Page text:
Non-EU citizens with a criminal record cannot automatically be evicted from the bloc if they are the sole custodian of a child with a European nationality, the bloc's top court found Tuesday in two cases relating to Britain and Spain.
Migration is an emotive subject across the European Union, where an influx of more than 1 million people last year fuelled a populist backlash. Immigration fears also played a large role in Britain's referendum decision to leave the bloc.
The European Court of Justice was asked to consider the cases of two non-EU citizens: a Moroccan woman living in Britain with her British daughter and a Colombian man whose Spanish son and Polish daughter live with him in Spain.
The Moroccan woman was given a 12-month prison sentence for trying to supply a prison inmate with a SIM card during a visit, while the man was sentenced to nine months in prison for an undisclosed offence.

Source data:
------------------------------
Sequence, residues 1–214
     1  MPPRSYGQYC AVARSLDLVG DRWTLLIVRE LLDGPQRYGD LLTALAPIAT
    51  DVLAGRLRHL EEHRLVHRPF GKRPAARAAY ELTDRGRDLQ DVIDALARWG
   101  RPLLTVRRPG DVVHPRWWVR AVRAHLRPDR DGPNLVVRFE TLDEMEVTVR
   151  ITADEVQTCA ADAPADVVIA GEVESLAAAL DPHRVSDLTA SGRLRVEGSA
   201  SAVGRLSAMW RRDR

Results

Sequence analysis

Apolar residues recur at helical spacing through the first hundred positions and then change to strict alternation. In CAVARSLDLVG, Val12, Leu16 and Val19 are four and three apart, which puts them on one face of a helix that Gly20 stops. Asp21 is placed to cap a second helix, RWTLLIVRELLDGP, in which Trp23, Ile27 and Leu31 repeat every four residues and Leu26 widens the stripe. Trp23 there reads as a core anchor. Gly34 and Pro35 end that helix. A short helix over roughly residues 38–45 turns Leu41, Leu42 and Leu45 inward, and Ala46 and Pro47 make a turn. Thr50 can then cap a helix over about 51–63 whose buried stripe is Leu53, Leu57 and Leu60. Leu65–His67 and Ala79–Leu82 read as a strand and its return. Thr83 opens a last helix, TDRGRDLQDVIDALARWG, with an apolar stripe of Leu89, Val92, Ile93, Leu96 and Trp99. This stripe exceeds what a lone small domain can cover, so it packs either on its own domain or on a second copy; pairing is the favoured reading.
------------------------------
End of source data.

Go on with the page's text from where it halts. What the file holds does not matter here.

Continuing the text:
Both were subsequently refused a residence permit and served with deportation orders because of their criminal records. This would have forced their children - who are EU citizens - to also leave the bloc.
In such circumstances, the member state in question can only evict people who pose a "genuine, present and sufficiently serious threat" to public security, the Luxembourg-based judges ruled according to a statement.
Any decision must take into account criteria such as the person's length of stay, age, health, family and economic situation, degree of integration and the seriousness of the criminal offense, they added.
It is now up to authorities in Spain and Britain to weigh up the two cases in question.